Bitcoin as an investment

May 17, 2022 | Robert Thomson


Bitcoin is not a currency, nor is it even an asset.... at some point it will go to zero or close to it. The Achilles heel for Bitcoin is the environmental problem.

I am frequently asked about my thoughts on Bitcoin. Usually our discussion includes me explaining that when you invest you need two things: a) a good story and b) compelling valuation. When it comes to Bitcoin, there’s definitely an interesting story, but when it comes to valuation, it doesn’t make sense. This isn’t to say that people can’t make money on it, but it’s not investing, and in the long run in situations like these, they will almost always lose.


Recently, Veritas, which is an independent investment research company, hosted an interview with Bob Seeman, managing Partner at Cybercurb in which they discussed Bitcoin as an investment. Bob is an attorney, electrical engineer and entrepreneur. He has authored multiple books on Bitcoin, crypto-currency and Ransomware.


I want to stress, I am not an expert on Bitcoin or crypto-currency. I have had it explained to me and have something of a general knowledge of it, but still find the details difficult to explain to others. I am however a professional investor, and as Bob Seeman points out, knowing how something works is irrelevant for the purpose of investing in it. We have never recommended investing in Bitcoin.


I cannot provide you with the interview as we are not permitted to rebroadcast it, however I thought I would share the notes on Bob Seeman’s opinion.


According to Bob:

  • It’s gambling, and it’s the volatility that is exciting.
  • Bitcoin is not a currency, nor is it even an asset. People are not using it as a medium of exchange. People buy bitcoin in order to sell it at a future point. Over 99.7% of transactions are for market trades. A true currency is overwhelmingly used for the purchase of goods and services.
  • What happens to your money when you buy Bitcoin? You are not investing, you are just cashing someone else out.
  • Bitcoin doesn’t produce a cash flow, or anything at all really, and the price clearly doesn’t reflect its utility (it’s use). This illustrates Bitcoin’s value being a bubble.
  • El Salvador tried to use bitcoin as a currency to avoid inflation, and failed. The Government forced businesses to accept bitcoin as a currency. They even opened up accounts for every person and gave them $30 of bitcoin to start. Virtually all residents took the bitcoin and immediately converted it to USD.
  • Some people in Ukraine right now are being paid in Bitcoin because the banking system has broken down, but they are not spending it. And when the banking system returns, it is most likely they will exchange it and use a different currency to transact.
  • There are more illegal transactions than legal.
  • 0.15% of all transactions are for the purchase of illegal goods and services, which doesn’t sound like much, but remember: over 99.7% of transactions are market trades. So that leaves less than 0.3% of the transactions for goods or services of which 0.15 are illegal. This is a threat, as there is an incentive for future government regulation.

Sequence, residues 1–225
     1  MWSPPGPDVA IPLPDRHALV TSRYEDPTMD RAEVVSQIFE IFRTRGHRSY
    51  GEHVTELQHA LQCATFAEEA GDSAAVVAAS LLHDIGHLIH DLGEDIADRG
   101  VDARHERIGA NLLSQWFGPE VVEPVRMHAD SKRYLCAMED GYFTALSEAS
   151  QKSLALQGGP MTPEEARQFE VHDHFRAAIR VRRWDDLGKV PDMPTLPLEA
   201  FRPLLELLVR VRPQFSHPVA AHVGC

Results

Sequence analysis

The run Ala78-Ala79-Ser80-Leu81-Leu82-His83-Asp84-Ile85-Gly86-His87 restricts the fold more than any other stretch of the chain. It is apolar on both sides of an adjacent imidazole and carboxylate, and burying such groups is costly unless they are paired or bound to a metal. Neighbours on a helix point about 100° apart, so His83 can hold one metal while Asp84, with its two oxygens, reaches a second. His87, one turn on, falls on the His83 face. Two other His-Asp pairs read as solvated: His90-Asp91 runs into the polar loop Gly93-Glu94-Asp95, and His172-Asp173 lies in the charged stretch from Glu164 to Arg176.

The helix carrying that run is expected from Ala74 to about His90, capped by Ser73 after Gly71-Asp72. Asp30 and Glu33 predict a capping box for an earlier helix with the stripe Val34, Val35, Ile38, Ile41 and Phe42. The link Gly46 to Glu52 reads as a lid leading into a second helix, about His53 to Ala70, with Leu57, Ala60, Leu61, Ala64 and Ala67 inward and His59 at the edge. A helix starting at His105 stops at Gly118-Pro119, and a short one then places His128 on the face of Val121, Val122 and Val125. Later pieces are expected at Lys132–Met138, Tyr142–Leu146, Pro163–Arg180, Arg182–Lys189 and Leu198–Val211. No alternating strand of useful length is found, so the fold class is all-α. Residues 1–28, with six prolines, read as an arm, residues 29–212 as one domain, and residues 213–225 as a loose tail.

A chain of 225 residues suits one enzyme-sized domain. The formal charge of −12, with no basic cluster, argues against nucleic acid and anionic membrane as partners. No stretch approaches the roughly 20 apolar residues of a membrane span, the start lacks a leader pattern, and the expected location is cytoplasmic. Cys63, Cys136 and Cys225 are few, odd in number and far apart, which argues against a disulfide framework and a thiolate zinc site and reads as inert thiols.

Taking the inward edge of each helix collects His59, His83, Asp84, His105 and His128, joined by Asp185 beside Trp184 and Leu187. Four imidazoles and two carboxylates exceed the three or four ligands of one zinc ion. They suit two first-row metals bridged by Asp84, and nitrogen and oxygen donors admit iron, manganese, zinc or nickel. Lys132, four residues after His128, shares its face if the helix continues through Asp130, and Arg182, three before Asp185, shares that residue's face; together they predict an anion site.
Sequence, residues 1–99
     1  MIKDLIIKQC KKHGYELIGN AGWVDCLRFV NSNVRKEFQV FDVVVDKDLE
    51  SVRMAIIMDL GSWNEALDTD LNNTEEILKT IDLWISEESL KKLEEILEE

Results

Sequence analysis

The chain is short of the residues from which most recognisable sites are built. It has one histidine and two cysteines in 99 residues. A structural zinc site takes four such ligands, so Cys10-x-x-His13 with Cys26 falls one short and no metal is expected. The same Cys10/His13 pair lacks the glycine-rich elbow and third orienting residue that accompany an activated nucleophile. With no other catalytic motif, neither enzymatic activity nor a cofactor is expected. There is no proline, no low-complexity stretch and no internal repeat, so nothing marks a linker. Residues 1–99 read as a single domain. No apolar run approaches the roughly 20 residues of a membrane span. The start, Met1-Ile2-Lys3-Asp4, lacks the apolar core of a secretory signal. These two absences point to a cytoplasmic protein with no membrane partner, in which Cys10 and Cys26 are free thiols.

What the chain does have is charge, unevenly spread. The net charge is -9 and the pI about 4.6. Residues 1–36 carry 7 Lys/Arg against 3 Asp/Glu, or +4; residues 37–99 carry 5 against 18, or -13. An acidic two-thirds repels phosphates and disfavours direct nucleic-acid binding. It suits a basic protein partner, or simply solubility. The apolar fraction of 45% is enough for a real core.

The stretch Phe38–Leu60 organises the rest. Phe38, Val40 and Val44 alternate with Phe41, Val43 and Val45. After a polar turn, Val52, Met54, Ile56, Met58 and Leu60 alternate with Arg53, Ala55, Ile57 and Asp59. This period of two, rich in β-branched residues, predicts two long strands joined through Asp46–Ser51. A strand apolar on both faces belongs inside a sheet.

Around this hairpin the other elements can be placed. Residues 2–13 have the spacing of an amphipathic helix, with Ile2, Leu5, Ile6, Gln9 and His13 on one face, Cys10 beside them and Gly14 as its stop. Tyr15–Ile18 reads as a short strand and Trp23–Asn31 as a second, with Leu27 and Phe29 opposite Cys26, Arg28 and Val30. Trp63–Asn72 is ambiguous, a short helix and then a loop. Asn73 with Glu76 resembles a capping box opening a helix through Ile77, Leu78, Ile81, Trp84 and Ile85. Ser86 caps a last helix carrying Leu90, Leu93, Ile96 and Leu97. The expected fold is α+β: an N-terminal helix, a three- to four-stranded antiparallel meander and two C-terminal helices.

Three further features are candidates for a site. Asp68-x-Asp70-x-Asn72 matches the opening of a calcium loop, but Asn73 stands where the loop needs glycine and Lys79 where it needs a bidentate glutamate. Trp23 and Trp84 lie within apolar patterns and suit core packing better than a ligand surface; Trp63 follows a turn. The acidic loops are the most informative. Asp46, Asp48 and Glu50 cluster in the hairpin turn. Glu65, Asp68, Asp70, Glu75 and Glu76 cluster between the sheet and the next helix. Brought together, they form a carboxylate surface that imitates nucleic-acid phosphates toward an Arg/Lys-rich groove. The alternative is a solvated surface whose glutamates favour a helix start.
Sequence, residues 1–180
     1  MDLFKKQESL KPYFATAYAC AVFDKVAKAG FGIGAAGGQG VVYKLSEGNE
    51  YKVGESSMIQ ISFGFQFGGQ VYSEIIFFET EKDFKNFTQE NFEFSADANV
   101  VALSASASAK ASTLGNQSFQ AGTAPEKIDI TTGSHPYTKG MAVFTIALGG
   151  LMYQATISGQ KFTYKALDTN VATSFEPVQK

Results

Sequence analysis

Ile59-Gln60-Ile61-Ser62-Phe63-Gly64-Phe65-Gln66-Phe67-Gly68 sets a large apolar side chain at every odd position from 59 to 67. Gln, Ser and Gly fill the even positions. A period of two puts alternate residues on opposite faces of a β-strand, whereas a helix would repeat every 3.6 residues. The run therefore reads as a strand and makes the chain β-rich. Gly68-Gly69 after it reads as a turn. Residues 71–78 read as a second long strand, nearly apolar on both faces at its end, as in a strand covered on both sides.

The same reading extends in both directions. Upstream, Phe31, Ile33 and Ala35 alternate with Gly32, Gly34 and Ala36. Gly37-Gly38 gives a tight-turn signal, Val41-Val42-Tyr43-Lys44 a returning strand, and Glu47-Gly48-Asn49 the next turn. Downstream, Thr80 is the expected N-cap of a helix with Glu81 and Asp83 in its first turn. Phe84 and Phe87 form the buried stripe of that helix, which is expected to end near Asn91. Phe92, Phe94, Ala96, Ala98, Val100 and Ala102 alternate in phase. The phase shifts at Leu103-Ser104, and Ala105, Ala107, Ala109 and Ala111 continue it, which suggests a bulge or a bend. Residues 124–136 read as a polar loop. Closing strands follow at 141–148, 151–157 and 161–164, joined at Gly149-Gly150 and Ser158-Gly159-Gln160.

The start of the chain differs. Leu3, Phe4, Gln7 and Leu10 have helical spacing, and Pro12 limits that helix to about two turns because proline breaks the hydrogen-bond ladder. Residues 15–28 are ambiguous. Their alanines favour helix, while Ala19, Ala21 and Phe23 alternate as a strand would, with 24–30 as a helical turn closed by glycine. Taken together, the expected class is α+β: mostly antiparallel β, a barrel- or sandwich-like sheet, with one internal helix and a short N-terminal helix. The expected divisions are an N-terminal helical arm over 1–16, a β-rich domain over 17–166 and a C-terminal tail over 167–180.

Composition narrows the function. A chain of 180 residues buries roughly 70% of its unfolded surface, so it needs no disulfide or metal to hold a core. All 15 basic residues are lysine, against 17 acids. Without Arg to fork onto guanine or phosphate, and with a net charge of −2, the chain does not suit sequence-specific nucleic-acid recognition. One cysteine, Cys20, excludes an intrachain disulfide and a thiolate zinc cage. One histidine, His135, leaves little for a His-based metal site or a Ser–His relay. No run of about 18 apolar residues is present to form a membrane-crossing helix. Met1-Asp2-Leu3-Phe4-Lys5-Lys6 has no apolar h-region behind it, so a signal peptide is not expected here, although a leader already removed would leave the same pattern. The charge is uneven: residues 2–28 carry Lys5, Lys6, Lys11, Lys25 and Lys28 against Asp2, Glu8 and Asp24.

• Over 40% of bitcoin is held by 100,000 people.
  • Over 20% is held by 1000 people.
  • There is no oversight or disclosure requirements, or regulation and he contends the price is being manipulated regularly because of this and the high concentration in a few hands.
  • The SEC has been hinting that bitcoin is not a security and recently doubled the size of its crypto enforcement team. This will add pressure to deflate the bubble.
  • There is no evidence that it is correlated to market fluctuations (positive or negative) so it is not a hedge. It has acted inconsistently to market volatility
  • A Bank of Canada study that was recently done on purchasers of bitcoin and determined that on average they are retail investors (non-professionals) who have a good understanding of technology, block-chain and crypto currency, but they are financially illiterate. That is not a good combination. Knowing how something works does not assist you in investing. You do not need to know how a car works to buy a car, use a car or understand it’s value.
  • At a value of $40,000, 55% of investors in Bitcoin are currently underwater (in a loss)
  • At $35K, 75% of investors will be underwater.
  • Many Central banks around the world are working on their own crypto-currency. This is a threat to its future.

His main point, or threat was the following:

He feels that this will at some point go to zero or close to it. The Achilles heel for Bitcoin is the environmental problem. Just to run the bitcoin network alone takes 0.67% of global electricity production- same as the Netherlands or Sweden uses.

The public cloud uses 1.0% of global electricity- that’s in essence all our e-commerce and internet usage. Greenpeace has stopped accepting donations in it, and has begun lobbying for the ban of Bitcoin. A movement is starting to gain traction, and we are seeing governments begin to move in this direction.